David Malpass, U.S. President Donald Trump's nominee to lead the World Bank, told media sources on Wednesday that he hopes to cut the multilateral lender's loans to China, which he believes is too wealthy to receive large loans from the World Bank. Malpass also criticized China's Belt and Road infrastructure initiative, saying that the BRI "leaves countries with heavy burdens of debt," reports Nikkei.
Browse our analysis section for news and articles on topics such as China's Belt and Road Initiative (OBOR), the Competing Visions of Japan, India, and other regional powers, and the stakes for U.S. policy.
The Chinese government is set to expand infrastructure spending by nearly $10 billion to stimulate the economy amid the growing risk of a financial slowdown as its trade war with the U.S. escalates, according to the Nikkei Asian Review.
The United States announced a $113 million package aimed at developing the Indo-Pacific region's digital economy, energy sector, and infrastructure.
China's Belt and Road Initiative has expanded far beyond its original core of Eurasia and the Middle East, from New Zealand to the Arctic, Africa to Latin America and even outer space. While the BRI is not yet a challenge to the rules-based liberal order, it is a test of it.
The sheer scale and complexity of many infrastructure projects guarantee that disputes will arise. That’s why China is not only pushing projects overseas under its Belt and Road Initiative but increasingly, it is also writing new rules that advance its interests. The implications for the rules-based order—and U.S. interests—could be profound.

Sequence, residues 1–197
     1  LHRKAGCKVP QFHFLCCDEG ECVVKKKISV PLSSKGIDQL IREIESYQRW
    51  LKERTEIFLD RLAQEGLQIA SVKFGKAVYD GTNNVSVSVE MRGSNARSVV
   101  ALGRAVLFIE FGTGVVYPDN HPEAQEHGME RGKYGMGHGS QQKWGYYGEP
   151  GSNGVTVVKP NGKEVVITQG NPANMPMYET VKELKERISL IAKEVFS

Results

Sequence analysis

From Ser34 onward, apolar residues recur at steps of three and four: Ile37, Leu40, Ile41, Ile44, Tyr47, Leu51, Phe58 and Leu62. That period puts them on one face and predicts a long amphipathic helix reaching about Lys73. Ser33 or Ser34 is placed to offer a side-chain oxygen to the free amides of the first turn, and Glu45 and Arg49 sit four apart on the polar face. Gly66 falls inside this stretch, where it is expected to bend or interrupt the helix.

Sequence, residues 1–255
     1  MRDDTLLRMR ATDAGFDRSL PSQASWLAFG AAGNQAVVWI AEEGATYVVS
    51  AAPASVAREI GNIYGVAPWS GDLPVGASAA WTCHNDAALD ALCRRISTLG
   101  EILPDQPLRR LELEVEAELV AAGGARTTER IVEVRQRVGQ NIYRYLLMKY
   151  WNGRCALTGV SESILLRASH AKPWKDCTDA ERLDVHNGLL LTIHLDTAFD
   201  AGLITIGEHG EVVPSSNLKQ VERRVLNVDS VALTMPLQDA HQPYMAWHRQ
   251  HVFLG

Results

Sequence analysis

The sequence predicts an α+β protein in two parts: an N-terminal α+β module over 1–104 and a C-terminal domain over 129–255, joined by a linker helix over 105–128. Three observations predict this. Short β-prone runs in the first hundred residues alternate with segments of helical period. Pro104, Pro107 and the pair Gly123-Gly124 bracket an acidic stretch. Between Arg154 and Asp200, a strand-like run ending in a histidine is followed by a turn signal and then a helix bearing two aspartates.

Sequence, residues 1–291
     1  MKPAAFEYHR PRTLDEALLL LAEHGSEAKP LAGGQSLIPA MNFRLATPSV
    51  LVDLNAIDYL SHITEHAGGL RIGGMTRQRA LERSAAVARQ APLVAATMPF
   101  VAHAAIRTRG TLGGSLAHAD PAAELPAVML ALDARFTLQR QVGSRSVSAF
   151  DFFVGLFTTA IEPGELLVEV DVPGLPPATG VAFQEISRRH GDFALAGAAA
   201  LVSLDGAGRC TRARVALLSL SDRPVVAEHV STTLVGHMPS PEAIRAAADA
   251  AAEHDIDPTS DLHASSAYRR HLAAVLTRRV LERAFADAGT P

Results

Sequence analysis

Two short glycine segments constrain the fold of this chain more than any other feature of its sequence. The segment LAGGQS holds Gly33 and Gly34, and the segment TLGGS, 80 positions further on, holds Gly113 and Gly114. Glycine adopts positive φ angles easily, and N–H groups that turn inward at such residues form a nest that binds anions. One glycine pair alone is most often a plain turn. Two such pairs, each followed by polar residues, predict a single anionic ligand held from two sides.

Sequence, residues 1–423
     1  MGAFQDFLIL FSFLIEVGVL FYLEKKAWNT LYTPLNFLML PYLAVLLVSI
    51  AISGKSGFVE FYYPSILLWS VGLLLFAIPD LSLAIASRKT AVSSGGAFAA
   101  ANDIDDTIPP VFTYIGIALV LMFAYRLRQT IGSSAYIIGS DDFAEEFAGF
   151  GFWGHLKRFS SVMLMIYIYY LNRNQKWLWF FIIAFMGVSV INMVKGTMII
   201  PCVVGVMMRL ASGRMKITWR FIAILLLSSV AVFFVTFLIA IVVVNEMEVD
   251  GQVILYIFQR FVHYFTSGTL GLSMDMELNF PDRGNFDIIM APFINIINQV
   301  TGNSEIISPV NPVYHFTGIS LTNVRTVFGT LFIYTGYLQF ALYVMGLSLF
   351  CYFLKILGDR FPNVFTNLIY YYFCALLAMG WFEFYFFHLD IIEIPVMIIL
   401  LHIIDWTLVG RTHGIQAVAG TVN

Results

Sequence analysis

This report highlights recommendations on how the U.S. might effectively engage Southeast Asia's infrastructure challenges to foster greater stability and financial integration in the region.
China’s $1 trillion push to build infrastructure across Asia evokes romantic comparisons to the ancient Silk Road, but there is a more recent chapter of history that urges caution. More than a century and a half ago, the United States was a rising power racing westward, building transcontinental railways that delivered limited benefits and exacted a high cost from society. Today, China has taken on that role.
As Europe disappears, Asia coheres. The supercontinent is becoming one fluid, comprehensible unit of trade and conflict, as the Westphalian system of states weakens and older, imperial legacies – Russian, Chinese, Iranian, Turkish – become paramount.
Asia’s powers have embarked on an epochal infrastructure competition that is connecting the region internally and with the world. It is essential that we remain vigilant to ensure health infrastructure investment keeps pace with new connectivity.
On November 30th the CSIS Energy and National Security Program hosted "Hydrogen and Green Shipping: Zero Emission Fuel in the Maritime Sector" to discuss the important role that hydrogen fuel technology could play for shipping in the transition to a low-carbon future.
This report highlights essays from our Big Question series - an analysis collection that explore the drivers and implications of the massive infrastructure push taking place across the Eurasian continent.
It is time to expand transparent, high-standard regional lending mechanisms – tools that will actually help nations instead of saddle them with mounting debt.
When the United States took possession of Alaska from Russia, 150 years ago today, it paid less than two cents an acre. So what happened to the global market for territory?